Human Rights Protesters Expected As Chinese Premier Zhu Visits MIT
ASSOCIATE NEWS EDITOR
Wednesday morning, Premier Zhu Rongji of the People’s Republic of China will give an address to the MIT community and invited guests on science, technology, and education in Kresge Auditorium.
The speech will be broadcast live on CNN, as well as other major networks around the world.
Premier Zhu has been in the United States since April 6, and every public appearance has been fraught with activists protesting the torture, executions, and unjust imprisonment which continue to occur in China, as well as countries under its sphere of power.
Students, groups, to protest Zhu
Due to what many say are gross violations of personal freedom and human rights protection in China, Zhu’s speech at MIT on Wednesday morning is certain to be politically charged.
A number of groups as well as individuals intend to speak out in protest against Premier Zhu’s treatment of other more specific issues including illegal Tibetan occupation and the maintenance of Taiwanese independence.
Many student organizations in the Boston area are planning to protest Premier Zhu’s visit. A rally in support of the Coalition for Human Rights and Freedom in Asia is scheduled to occur near the 77 Massachusetts Avenue entrance to MIT.
Participants include the Tibetan Students Organization of Boston, the Boston Chapter of Amnesty International, as well as numerous area human rights supporters representing Tibet, China, Hong Kong, Macau, Taiwan, and the international community.
“China has to improve in terms of human rights. If they want to be a more successful nation, they have to address the issues better,” said Ngawang Jorden, a Tibetan student currently attending Harvard University.
“We hope to let Premier Zhu know that the Tibetan people will not go away. Despite its size, Tibet’s needs should not be ignored by Chinese policymakers. Negotiations are favorable for both nations. Tibet is not asking for independence, only reasonable autonomy. We hope to encourage greater dialogue between the Dali Llama and Premier Zhu,” said Jorden.
The Tibetan Students Association of Boston is one group which hopes to play a large role in protesting the visit of Premier Zhu.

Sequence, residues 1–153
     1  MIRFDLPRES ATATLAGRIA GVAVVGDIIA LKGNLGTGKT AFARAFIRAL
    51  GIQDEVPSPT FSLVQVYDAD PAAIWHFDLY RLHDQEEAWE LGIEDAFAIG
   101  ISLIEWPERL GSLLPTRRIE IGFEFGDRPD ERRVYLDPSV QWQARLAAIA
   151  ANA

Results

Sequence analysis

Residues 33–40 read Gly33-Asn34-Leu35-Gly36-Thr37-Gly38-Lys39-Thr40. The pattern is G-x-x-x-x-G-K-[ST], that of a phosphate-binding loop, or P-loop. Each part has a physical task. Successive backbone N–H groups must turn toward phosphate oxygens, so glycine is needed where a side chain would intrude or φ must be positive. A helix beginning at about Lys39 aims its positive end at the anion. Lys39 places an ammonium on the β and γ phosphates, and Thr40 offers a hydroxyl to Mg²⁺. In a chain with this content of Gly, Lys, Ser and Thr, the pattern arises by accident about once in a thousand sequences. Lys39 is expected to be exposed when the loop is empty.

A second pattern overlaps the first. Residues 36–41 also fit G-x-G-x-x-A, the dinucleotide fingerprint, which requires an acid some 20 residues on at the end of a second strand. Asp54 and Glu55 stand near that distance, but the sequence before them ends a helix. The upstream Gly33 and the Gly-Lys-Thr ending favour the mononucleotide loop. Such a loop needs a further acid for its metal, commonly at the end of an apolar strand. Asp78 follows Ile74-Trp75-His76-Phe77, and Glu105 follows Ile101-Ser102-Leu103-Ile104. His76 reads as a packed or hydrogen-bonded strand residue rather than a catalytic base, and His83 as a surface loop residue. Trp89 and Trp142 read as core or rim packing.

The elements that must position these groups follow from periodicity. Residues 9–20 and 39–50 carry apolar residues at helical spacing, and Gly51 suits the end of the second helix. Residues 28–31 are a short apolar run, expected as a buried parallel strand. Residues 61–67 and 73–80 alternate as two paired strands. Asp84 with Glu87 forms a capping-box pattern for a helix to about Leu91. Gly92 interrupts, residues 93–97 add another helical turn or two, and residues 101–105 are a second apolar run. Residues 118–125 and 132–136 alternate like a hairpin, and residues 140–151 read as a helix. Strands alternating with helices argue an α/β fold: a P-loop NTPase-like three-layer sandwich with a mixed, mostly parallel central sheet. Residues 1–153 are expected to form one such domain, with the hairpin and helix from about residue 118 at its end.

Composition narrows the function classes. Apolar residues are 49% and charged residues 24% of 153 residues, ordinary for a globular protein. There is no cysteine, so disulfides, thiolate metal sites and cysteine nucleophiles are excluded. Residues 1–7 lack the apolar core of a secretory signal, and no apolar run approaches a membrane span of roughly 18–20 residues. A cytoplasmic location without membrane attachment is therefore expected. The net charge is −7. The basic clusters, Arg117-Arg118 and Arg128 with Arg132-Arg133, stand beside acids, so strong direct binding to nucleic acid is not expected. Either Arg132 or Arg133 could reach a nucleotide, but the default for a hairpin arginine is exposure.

“We don’t want him to ignore the gross human rights violations occurring in China in order to pursue economic objectives,” said Phurbu Tsomo-Thargay, President of the Tibetan Association of Boston.
“I think the protests will be very effective. Whether by media or by sheer numbers we intend to make our voice heard. We want to let Premier Zhu know how it is to shout in a free land,” said Tsomo-Thargay.
Protests focus on human rights
Some local student groups as well as individuals from Taiwan, Tibet, and China do not seem to oppose Zhu speaking at MIT.
“People need to be aware of his views, as well as the position of opposing groups, so they are able to make an informed decision for themselves,” said Jorden.
In general, however, most are dissatisfied with the current state of Chinese policy, and believe the protests will, if nothing more, send a message to Premier Zhu that the needs of citizens cannot continue to be ignored any longer.
“The purpose of our protest is two-fold: we hope to make a clear statement of our wishes for President Jiang Zemin to engage in dialogue with the Dali Llama to address the needs of Tibet, and we intend to push for the release of the 10-year-old Panchen Llama, who remains a political prisoner of the Chinese government,” said Tsomo-Thargay.
“Overall human rights in Tibet have not improved at all. The purpose of Premier Zhu’s visit is to show off to the world that he is important and can speak at prestigious institutions like MIT. He is saving face in an attempt to draw attention away from the human rights violations which China has committed,” Jorden said.
The Society for Hong Kong and China Affairs also has plans to participate in the protest rally. “We support the Coalition for Human Rights and Freedom in Asia and we intend to protest alongside other student groups on Wednesday in an effort to diminish the human rights atrocities prevalent in China,” said Yiu Tak Leung ’00, a member of the MIT Society of Hong Kong and China Affairs.
The MIT Chapter of Amnesty International intends to be an active participant in the protests outside of the student center.
“The message we would like to send is that human rights are important. The Chinese government has traditionally taken the stance that human rights has interfered with social development. We don’t believe this is the case and we think that by protesting we can make Premier Zhu aware of our stance,” said Doug Wyatt ’96, press officer for the MIT Chapter of Amnesty International.
“If all groups are able to voice their opinions together, the protest can be very effective. Progress can be made on these issues if Premier Zhu knows that every time he speaks, the same questions are being asked,” said Wyatt.